Secondly, this quote talks about self promotion. Wright could very well be guilty of the same thing that he is accusing Corb of. During the depression, when there was no work, he decided to write an Autobiography and embellish many of the details to make it read more like a novel. Wright was a tireless self promoter, often doing TV and radio spots in addition to maintaining two studios and dozens of projects at a time. When he had no projects,he conjured up a program for apprentices to come study with 'The World's Greatest Architect' and rich kids paid handsomely to live and work on FLW's farm. While the curriculum was focused on Architecture, he also had them working the fields and building his house. Genius.

'Take care of the luxuries and the necessities will take care of themselves.'

This is truly counter-cultural. During times of crises, most people would probably make sure that they have the necessities. But not Frank. When his family couldn't pay their food bills, he went out and bought a grand piano on credit. He believed that the small stuff would take care of itself. He always maintained the appearance (through his cars, clothes, and residences) that he was doing quite well, and therefore attracted the types of Clients who would pay his bills and indulge his eccentricities. As Designers, we rely on attracting the kinds of Clients who will allow us to do our best work. To a great extent, appearances are important. So if you think you can't afford that great web site, or that extravagant ride, think again. Frank wouldn't hesitate.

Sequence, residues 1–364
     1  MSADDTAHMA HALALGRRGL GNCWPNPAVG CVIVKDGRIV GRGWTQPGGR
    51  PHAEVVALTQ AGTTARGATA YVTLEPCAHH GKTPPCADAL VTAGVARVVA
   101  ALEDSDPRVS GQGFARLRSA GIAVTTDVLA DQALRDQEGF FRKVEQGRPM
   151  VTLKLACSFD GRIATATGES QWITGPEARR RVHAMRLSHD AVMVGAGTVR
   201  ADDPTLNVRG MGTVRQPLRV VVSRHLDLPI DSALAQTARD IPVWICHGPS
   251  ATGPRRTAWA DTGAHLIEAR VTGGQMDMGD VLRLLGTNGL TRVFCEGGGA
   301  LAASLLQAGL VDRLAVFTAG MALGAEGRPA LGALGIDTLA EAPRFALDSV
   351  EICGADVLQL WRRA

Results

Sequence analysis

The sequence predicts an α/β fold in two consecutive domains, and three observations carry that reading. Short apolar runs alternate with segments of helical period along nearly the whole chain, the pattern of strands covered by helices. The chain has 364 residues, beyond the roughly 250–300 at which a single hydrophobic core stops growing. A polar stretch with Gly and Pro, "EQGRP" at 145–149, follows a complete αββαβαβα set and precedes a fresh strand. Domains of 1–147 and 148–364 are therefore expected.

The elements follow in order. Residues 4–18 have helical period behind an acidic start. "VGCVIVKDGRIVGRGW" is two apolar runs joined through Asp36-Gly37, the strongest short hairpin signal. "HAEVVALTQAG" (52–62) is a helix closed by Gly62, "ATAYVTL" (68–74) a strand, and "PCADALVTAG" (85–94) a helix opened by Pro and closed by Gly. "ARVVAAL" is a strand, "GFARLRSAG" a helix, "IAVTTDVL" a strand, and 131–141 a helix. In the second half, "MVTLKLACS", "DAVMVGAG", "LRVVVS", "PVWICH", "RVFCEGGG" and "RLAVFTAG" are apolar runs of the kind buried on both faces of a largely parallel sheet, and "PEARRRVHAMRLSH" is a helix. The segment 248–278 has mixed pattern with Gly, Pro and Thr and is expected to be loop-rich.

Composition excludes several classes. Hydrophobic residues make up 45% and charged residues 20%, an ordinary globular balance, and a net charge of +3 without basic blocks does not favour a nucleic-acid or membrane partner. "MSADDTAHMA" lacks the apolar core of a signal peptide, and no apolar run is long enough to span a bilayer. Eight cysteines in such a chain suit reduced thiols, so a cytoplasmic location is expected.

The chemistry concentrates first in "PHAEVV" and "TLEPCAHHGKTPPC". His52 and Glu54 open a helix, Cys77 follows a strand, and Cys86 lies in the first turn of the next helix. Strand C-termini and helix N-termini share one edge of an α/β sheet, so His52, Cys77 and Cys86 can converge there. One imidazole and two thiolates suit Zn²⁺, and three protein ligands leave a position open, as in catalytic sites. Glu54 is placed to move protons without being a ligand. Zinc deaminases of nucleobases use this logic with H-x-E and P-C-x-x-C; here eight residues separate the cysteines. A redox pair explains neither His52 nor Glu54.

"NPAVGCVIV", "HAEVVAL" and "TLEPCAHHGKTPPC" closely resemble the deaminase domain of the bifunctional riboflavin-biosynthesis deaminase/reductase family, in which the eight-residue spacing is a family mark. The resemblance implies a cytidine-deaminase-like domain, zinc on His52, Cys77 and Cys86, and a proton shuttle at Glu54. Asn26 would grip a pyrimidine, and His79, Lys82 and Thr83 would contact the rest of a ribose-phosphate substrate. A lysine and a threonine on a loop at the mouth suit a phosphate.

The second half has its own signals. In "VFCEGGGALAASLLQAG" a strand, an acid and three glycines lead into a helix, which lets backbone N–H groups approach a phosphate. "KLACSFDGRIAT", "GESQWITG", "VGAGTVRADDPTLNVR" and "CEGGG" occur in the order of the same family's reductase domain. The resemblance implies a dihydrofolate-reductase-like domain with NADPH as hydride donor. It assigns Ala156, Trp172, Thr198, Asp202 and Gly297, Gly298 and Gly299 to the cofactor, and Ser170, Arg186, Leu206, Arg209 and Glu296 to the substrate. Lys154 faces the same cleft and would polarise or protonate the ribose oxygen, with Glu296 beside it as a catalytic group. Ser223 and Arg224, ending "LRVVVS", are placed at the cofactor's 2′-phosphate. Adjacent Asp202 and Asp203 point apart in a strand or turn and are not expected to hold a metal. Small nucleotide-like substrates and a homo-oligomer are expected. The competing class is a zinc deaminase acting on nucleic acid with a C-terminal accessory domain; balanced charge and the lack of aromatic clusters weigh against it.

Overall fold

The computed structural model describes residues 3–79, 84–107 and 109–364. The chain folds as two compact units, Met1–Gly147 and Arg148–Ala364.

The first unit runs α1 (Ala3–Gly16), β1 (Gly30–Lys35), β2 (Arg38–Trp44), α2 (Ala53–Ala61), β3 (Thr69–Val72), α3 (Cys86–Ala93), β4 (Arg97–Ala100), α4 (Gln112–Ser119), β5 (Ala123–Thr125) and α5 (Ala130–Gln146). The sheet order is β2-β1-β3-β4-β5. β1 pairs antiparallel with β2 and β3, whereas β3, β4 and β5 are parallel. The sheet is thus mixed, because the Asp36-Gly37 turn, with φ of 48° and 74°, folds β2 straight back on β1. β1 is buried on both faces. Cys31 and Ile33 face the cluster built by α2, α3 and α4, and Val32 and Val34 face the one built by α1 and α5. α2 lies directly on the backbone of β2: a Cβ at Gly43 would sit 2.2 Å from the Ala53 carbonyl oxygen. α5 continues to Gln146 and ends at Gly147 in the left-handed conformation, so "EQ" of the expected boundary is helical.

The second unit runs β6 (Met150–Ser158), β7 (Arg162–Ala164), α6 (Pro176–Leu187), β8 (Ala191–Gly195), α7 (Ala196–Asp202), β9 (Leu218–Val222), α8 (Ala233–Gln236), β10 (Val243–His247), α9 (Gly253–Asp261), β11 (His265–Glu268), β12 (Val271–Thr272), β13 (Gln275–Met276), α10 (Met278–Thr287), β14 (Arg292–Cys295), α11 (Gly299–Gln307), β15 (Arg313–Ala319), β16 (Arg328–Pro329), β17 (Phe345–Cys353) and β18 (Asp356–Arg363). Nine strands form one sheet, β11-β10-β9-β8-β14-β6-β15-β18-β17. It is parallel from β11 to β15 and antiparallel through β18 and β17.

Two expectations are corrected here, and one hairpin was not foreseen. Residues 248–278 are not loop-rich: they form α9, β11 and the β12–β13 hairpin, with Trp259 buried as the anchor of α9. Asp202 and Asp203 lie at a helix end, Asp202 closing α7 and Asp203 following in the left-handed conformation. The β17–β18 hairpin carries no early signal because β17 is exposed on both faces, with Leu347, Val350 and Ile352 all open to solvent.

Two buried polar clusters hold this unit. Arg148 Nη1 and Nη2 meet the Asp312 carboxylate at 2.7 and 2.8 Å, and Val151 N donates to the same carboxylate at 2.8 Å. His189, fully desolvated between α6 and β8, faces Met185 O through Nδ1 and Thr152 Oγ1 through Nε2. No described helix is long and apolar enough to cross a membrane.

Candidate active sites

'The next one'

When asked what was his favorite building or his greatest project, Frank would always say 'The next one'. This almost always ensured that he would stay on the radar because everyone would always be waiting to see what was next. As George Costanza would agree, you have to always leave them wanting more. As Designers, we often focus on what we've done as a barometer of how well we're doing. Maybe it's time to re-direct that focus on what is to come as way of getting people interested in our work. Frank would often dream of 'larger than life' projects that of course, would never get built, but they did get him attention. His designs for a mile high building or the ideal city are the stuff that museum exhibitions are still made of.

'Maybe we can show Government how to operate better as a result of better Architecture.'